For a few weeks each year of operation, instead of colliding protons, the Large Hadron Collider (LHC) collides nuclei of heavy elements (“heavy ions”). These heavy-ion collisions allow researchers to recreate in the laboratory conditions that existed in the very early universe, such as the soup-like state of free quarks and gluons known as the quark–gluon plasma. Now, for the first time, the Compact Muon Solenoid (CMS) collaboration at CERN is making its heavy-ion data publicly available via the CERN Open Data portal.
Over 200 terabytes (TB) of data were released in December, from collisions that occurred in 2010 and 2011, when the LHC collided bunches of lead nuclei. Using these data, CMS had observed several signatures of the quark–gluon plasma, including the imbalance between the momenta of each jet of particles produced in a pair, the suppression (“quenching”) of particle jets in jet–photon pairs and the “melting” of certain composite particles. In addition to lead–lead collision data (two data sets from 2010 and four from 2011), CMS has also provided eight sets of reference data from proton–proton collisions recorded at the same energy.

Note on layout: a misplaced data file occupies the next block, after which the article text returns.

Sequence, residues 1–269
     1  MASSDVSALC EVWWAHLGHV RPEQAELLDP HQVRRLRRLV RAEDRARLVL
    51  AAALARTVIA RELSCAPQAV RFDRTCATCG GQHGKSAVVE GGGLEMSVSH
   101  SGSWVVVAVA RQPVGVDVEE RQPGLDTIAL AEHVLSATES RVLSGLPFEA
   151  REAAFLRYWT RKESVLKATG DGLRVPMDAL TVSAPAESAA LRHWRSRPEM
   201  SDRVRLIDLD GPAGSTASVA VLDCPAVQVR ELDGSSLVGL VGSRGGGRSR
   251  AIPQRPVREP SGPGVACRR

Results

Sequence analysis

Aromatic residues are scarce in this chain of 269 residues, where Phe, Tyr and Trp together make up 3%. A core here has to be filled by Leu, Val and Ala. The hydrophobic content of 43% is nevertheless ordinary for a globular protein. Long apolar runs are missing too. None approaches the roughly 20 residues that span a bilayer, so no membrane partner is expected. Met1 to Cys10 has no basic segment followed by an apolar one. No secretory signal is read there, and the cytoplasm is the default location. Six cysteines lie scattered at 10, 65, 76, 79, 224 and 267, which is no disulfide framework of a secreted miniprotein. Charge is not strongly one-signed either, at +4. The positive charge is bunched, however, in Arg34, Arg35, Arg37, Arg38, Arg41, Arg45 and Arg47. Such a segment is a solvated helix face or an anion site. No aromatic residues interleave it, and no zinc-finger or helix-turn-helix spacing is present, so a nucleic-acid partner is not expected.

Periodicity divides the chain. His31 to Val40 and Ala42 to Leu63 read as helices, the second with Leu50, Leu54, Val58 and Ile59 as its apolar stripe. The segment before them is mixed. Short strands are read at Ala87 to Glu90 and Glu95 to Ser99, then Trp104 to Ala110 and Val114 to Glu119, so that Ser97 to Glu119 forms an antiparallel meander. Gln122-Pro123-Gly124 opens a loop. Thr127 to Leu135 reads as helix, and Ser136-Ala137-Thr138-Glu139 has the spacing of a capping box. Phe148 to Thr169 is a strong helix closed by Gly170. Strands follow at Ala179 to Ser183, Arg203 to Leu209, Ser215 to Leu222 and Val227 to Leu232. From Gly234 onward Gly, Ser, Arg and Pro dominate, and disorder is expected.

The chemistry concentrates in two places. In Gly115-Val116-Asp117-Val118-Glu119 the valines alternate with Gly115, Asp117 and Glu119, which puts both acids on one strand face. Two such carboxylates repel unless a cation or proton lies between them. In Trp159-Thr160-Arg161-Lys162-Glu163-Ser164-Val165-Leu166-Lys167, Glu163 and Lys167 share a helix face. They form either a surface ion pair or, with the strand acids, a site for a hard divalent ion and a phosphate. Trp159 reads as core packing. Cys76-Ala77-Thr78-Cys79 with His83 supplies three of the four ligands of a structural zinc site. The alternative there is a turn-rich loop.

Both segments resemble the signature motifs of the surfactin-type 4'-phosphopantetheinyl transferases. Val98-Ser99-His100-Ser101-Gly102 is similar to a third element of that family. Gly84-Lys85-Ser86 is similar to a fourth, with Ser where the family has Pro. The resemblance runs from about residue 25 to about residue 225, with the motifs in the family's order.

The open data are available in the same high-quality format used by the CMS scientists to publish their research papers. The data are accompanied by the software that is needed to analyse them and by analysis examples. Previous releases of CMS open data have been used not only in education but also to perform novel research. CMS is hopeful that communities of professional researchers and amateur enthusiasts as well as educators and students at all levels will put the heavy-ion data to similar use.
“Our aim with releasing CMS data into the public domain via the Creative Commons CC0 waiver is to preserve our data and the knowledge needed to use them, in order to facilitate the widest possible use of our data,” says Kati Lassila-Perini, who has led the CMS open-data project since its inception in 2012. “We hope that those outside CMS will find these data as fascinating and valuable as we do.”
CMS has committed to releasing 100% of the data recorded each year after an embargo period of ten years, with up to 50% of the data being made available in the interim. The embargo affords the researchers who built and operate the CMS detector adequate time to analyse the data they collect. With this release, all of the research data recorded by CMS during LHC operation in 2010 and 2011 is now in the public domain, available for anyone to study.
You can read more about the release on the CERN Open Data portal: opendata.cern.ch/docs/cms-releases-heavy-ion-data